The local and the global

Pragmatism is predicated upon the idea that truth is what a community of inquirers would settle upon after a long period of time. There are, as Steve points out, both ‘local’ and ‘global’ communities of inquirers which has an impact for the meaning of terms such as ‘digital literacy’. It is likely, therefore, that the conclusion of my thesis will reconsider the policy documents presented in the first half of the thesis, explaining that what is ‘good in the way of belief’ in one country/area (local) is not necessarily good or useful elsewhere (global).

Conceptual ecologies

Words and vocabularies change over time. It may be, therefore, that at one point in time ‘digital literacy’ is/was a functional metaphor that, through a ‘creative ambiguity’ provided a negotiable space for dialogue. Taking a ‘conceptual ecologies’ view allows for the consideration of ‘spaces not boundaries’ (to quote Steve) – engaging with the concept of digital literacy may change your view of the world, and in turn change your view of the concept.

Productive concepts

Just because an ambiguity or a concept creates a metaphorical space for discussion and debate doesn’t make it useful. Like the f-stop controlling the aperture of a camera lens, larger and smaller amounts of creative space can be created through the use of metaphor. The debates in these spaces, however, have to be useful and of value to be considered ‘productive’. Any two words could be mashed together to create such a space, but it is the resulting conversation that is important.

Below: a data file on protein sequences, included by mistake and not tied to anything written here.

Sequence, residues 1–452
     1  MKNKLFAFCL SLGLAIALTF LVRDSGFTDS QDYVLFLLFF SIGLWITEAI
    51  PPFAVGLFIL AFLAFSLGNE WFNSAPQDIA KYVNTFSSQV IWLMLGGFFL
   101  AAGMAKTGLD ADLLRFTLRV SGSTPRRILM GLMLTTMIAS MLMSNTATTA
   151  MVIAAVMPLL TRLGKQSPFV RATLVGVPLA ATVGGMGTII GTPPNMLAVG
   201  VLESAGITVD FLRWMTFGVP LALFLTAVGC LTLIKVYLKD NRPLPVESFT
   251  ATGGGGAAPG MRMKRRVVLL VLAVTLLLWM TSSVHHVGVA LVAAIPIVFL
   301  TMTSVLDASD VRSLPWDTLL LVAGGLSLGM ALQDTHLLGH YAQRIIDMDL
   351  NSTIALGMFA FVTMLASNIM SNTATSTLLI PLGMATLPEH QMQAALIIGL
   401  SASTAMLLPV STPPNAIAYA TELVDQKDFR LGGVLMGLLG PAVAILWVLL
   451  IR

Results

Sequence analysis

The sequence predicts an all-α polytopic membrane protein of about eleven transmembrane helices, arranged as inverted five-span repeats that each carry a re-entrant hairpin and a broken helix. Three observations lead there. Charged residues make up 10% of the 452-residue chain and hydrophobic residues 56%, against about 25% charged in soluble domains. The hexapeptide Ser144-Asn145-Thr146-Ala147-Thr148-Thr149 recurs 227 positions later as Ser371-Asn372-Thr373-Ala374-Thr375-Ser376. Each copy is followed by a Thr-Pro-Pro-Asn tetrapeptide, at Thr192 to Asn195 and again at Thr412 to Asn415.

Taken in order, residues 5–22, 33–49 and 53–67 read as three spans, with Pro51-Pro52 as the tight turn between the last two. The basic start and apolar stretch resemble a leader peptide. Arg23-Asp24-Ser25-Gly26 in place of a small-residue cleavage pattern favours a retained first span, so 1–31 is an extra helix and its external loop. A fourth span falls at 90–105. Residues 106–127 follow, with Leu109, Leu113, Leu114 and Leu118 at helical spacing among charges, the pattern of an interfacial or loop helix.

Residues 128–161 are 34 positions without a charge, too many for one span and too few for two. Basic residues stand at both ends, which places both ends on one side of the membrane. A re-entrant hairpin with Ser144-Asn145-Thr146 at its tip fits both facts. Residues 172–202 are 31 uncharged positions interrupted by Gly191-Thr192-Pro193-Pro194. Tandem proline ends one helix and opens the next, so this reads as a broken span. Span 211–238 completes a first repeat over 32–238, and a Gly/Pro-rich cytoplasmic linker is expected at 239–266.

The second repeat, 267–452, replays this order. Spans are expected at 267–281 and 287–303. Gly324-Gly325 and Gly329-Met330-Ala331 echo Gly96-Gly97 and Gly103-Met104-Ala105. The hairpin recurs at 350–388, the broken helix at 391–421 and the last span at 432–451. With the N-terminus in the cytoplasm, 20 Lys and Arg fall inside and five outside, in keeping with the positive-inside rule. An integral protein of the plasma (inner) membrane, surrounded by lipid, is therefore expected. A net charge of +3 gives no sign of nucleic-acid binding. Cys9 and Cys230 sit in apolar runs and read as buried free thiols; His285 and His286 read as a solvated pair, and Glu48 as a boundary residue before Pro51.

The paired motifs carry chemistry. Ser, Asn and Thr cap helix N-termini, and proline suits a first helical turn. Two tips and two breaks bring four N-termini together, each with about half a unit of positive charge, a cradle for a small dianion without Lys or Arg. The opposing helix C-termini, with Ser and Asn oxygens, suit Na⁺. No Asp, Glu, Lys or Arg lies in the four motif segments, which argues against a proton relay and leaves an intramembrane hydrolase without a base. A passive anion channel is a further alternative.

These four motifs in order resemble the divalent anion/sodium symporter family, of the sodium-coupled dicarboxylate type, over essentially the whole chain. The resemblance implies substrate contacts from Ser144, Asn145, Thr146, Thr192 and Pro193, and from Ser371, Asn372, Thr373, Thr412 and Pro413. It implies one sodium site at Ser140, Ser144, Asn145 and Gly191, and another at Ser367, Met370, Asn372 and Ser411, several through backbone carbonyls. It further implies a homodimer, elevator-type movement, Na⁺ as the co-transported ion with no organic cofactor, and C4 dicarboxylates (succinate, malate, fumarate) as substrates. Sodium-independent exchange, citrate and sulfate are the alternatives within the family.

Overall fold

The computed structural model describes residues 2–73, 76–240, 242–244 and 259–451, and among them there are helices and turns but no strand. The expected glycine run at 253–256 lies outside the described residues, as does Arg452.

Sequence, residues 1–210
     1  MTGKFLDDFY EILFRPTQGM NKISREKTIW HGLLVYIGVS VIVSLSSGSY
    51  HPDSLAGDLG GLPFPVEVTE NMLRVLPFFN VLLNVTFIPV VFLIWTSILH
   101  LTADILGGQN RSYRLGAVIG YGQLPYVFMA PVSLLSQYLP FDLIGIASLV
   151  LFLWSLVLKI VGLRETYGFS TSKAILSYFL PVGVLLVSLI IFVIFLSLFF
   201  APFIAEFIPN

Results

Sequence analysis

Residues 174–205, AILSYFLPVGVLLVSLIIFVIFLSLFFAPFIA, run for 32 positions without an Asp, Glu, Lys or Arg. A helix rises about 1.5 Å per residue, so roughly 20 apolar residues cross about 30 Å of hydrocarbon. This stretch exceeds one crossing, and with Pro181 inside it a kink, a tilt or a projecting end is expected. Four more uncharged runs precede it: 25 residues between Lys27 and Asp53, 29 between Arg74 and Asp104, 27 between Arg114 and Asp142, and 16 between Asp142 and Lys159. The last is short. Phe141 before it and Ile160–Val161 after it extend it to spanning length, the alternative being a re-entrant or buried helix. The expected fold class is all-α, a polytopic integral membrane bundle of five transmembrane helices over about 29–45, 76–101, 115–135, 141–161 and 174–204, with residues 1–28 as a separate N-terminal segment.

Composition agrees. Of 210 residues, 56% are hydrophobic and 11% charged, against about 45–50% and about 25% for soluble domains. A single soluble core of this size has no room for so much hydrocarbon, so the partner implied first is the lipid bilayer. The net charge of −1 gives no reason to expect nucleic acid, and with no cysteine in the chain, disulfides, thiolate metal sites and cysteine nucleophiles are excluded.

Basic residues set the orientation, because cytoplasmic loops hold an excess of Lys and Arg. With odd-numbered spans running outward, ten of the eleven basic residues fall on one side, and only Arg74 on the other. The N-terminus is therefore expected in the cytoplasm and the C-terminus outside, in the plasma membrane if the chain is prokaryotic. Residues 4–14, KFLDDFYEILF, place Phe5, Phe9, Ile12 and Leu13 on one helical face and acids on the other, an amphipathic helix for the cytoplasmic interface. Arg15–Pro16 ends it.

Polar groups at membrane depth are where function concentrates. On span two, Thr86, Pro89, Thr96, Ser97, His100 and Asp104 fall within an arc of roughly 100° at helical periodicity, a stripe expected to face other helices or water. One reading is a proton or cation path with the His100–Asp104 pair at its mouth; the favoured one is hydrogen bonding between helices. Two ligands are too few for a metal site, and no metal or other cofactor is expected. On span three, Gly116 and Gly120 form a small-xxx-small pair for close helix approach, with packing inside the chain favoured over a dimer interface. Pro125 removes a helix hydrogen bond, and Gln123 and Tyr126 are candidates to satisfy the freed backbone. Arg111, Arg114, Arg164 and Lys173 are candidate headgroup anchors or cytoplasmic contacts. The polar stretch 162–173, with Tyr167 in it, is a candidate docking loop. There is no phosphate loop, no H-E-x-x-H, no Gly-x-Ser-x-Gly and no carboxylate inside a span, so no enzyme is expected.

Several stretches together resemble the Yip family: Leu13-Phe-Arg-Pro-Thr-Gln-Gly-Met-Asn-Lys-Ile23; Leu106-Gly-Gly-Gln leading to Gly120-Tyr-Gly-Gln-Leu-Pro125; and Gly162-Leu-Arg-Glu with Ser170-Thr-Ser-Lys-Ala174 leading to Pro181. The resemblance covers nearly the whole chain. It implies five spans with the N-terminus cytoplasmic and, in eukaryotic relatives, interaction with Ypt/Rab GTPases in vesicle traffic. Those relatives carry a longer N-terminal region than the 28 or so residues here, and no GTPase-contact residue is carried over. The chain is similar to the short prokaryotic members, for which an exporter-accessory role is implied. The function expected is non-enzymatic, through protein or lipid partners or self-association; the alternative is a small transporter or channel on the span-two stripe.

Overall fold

Zeugma

Steve introduced me to the term Zeugma during our conversation, but then wondered whether ‘digital literacy’ was, after all, an example. I think he may be on to something and, given further investigation, think ‘digital literacy’ may be a hypozeugma:

The hypozeugma, also called an adjunctio in Latin, is a zeugma where a verb falls at the end of a sentence and governs several parallel clauses that precede it.

On the other hand, ‘digital literacy’ may be a full-on Syllepsis:

Syllepsis, also known as semantic zeugma, is a particular type of zeugma in which the clauses disagree in either meaning or grammar. The governing word may change meaning with respect to the other words it modifies. This creates a semantic incongruity that is often humorous. Alternatively, a syllepsis may contain a governing word or phrase that does not agree grammatically with one or more of its distributed terms. This is an intentional construction in which rules of grammar are bent for stylistic effect.

Literacies of the digital

The idea of ‘literacies of the digital’ may be a better expression as it makes clear (as opposed to with ‘digital literacy’) that digital is the noun. Literacies of the digital could well be everything apart from the intersect of the two-circle Venn diagram mentioned above. Steve and I discussed whether ‘digital participation’ was the intersect, or whether such a concept was ‘read-only’. I would argue that there needs to be a critical element to this participative element of literacy.

I’ve certainly got some more thinking to do on this… :-p